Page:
Turn over a maple leaf

The Interbrand Group has just acquired a Canadian design consultancy. Is the time is right for Canadian design groups to step out of the shadow cast by US competitors?

Canada has often been overlooked as a source of global design activity, but with the imminent arrival of the Interbrand Group in Toronto only days away, the country’s dusty image could be changing.

This week the Interbrand Group announced it is moving in with the acquisition of the 50-strong leading branding consultancy Tudhope Associates, in Toronto. The ink has yet to dry on the contract forming Interbrand Tudhope, but it will certainly do much for both parties. It may even help put Canadian design consultancies – the growth of which has been overshadowed by their US counterparts – back on the global map.

Obviously, with a base in Canada, Interbrand and its parent Omnicom network can leverage an increasingly global offer, as the jargon duly goes. Recently winning a major branding project with the Alcan aluminium group, which is merging with its French and Swiss counterparts, may also be a strong factor.

According to Tudhope founder, and now Interbrand Tudhope co-chief executive, Bev Tudhope, it has taken a long time for the Canadian design sector to be taken seriously. There are only a small handful of consultancies, such as Spencer Francey Peters, Ove Design and Communiqué with anything like a world class design capability.

“Canada is a well kept secret in a way. There are people here doing some fabulous design work. What is really exciting for us is that there is no other really global design players here,” according to Tudhope.

Toronto-based group Spencer Francey Peters was formed from the merger of the former Michael Peters Group with Canadian design consultancy Spencer Francey in 1991. Founder Peter Francey supports Tudhope’s idea, too.

“I don’t think there is anyone in the Canadian market who can claim to have an international reach. We don’t have the clout globally, so if you have a pitch for a global project you need a global partner,” says Francey.

Tudhope feels that the country’s design groups have suffered twofold in the North American market, a view supported by Francey. First, US client companies have no shortage of US-based design talent to choose from, while those in Canada often prefer the prestige associated with an exotic design group from New York City or London.

“Often when there is a major branding pitch from a Canadian company it will be given to a US consultancy. They will go through the motions and include one or two on the list, but the choicest projects always go south,” he says. Now things may start to swing the other way.

“We will be able to tap into the resources of the Omnicom network and its fabulous practices, from brand valuation, which it just about invented, to its naming and trademark practices as well,” says Tudhope.

While Tudhope makes no distinction between styles of design in Canada and the rest of the world, (to him it is all world class), Francey feels that Canadian consultancies reach a higher level of overall quality than those in the US, because of tough competition and closer cultural ties with the UK and Europe.

Past marriages with Canadian design groups seem to have been rather turbulent. Diefenbach Elkins (now FutureBrand Worldwide) partnered one Canadian consultancy recently, setting up an office in Ontario. It was soon closed. Meanwhile, US-based offices of FutureBrand and Siegelgale routinely pitch and win work north of the border, and Canadian Airlines was rebranded by Landor Associates last year (DW 22 January 1999).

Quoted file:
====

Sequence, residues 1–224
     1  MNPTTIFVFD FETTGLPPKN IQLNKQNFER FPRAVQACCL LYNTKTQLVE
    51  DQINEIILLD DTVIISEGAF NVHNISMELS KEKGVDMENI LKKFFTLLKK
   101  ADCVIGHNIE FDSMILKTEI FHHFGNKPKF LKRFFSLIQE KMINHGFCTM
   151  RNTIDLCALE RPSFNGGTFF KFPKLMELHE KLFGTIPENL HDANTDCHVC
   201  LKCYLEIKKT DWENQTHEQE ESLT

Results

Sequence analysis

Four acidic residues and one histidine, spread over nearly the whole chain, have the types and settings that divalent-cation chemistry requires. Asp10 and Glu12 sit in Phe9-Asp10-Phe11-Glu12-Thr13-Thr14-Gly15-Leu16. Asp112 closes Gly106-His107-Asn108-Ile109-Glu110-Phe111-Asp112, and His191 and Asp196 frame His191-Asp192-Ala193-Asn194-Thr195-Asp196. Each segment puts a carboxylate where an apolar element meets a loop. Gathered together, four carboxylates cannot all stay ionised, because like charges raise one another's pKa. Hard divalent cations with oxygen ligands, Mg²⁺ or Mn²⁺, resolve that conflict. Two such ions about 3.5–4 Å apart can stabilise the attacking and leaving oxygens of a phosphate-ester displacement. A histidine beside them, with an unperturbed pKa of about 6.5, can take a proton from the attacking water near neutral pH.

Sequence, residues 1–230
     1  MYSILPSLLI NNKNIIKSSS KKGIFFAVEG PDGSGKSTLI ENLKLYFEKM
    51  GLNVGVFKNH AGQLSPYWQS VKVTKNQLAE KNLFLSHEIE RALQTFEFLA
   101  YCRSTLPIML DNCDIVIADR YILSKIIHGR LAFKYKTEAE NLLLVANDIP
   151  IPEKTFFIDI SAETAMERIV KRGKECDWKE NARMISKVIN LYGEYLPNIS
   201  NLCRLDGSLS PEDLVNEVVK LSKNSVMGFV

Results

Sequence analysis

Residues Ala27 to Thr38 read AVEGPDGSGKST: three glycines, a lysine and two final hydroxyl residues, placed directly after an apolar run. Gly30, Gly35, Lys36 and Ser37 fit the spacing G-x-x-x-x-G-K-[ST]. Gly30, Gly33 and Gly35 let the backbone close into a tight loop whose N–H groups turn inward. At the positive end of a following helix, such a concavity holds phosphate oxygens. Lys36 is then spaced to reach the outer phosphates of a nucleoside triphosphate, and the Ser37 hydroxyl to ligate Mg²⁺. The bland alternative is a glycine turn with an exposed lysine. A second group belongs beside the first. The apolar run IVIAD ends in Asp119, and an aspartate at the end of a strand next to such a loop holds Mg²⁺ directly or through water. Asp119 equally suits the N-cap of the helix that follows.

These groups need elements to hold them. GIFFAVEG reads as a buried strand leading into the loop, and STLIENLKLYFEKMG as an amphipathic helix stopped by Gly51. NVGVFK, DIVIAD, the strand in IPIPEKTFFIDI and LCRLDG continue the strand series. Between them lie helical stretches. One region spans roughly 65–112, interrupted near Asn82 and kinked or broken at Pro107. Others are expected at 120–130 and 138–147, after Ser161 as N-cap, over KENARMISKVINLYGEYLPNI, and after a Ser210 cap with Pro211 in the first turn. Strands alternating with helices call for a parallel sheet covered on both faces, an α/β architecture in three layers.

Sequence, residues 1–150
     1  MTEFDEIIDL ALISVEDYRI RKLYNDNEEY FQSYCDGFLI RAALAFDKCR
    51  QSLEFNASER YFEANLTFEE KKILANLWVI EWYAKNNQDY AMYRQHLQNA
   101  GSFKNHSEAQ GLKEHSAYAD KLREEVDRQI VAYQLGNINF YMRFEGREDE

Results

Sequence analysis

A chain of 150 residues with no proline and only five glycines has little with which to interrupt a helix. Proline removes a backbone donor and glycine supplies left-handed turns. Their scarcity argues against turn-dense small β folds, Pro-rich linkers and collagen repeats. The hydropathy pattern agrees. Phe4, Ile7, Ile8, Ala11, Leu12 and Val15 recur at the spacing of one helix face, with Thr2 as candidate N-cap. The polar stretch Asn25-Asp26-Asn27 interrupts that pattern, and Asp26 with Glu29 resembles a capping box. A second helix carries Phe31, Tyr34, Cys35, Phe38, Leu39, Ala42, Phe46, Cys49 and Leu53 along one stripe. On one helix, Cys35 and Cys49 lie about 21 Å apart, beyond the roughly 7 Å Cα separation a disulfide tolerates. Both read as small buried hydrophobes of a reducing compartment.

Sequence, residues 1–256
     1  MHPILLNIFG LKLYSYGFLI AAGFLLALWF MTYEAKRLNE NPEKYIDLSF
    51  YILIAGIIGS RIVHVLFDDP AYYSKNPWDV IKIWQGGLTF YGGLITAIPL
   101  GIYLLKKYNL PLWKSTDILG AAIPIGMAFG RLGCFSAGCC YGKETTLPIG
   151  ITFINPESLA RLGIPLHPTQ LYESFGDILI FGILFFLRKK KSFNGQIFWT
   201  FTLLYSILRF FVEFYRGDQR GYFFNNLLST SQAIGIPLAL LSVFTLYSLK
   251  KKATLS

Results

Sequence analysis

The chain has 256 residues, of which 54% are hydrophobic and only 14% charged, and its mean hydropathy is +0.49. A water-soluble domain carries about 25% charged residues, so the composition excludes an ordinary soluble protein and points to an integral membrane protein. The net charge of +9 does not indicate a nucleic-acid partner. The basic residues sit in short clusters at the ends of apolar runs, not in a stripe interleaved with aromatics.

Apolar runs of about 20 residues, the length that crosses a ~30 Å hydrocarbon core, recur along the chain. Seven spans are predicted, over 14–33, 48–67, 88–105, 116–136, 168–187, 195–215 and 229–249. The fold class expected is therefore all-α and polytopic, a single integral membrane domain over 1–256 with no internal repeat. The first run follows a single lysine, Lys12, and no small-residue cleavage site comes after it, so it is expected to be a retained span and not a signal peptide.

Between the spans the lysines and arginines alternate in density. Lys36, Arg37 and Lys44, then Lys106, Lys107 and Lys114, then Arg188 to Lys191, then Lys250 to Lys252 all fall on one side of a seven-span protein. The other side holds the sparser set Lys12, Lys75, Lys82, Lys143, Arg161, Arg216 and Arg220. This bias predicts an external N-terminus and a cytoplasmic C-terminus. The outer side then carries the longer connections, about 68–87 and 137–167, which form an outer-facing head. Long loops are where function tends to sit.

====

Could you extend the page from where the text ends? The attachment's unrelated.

Canada, and Toronto particularly as the financial centre, has reaped its share of economic growth recently from the technology boom. “Toronto has been enjoying a lot of steady growth from traditional and dot.com businesses and for design consultancies there are more opportunities to be had for sure,” continues Francey.

Down the line, overseas expansion may not just be reserved for Tudhope Associates, with Spencer Francey Peters looking to set up outside of Canada.

“Our longer term plans are to have some presence outside this country,” says Francey, but does not suggest where this might be.

The Sterling Group, based in New York, has dealings with the Canadian market but, according to director Simon Williams, if the group were to open another office it would be in Miami, not Toronto.

“Many Americans are sent to Toronto for a two-year stint to cut their teeth. It produces some really good work mixing the bold brashness of American design with the quality of its English and French roots,” says Williams.

He says many Canadian consultancies have tried unsuccessfully to come to the states, but the markets have developed very differently. Williams says the cost of setting up in the US is much higher than in Canada, but this is offset by the fee-income. In Canada, he says, fees are relatively low, despite the high quality of design work.

Given this scenario, in which Canadian design groups produce such innovative, low-cost design, its easier to see why US consultancies have no big urge to go north. For Canadian consultancies, the challenge must be to successfully market its much-lauded design on a national and international level, and Interbrand’s presence can only help this.

However, to some extent the future of Canadian design now sits with Omnicom. How much work it chooses to handle on the ground in Canada and how much it chooses to extract south, could ultimately decide the sector’s fate.

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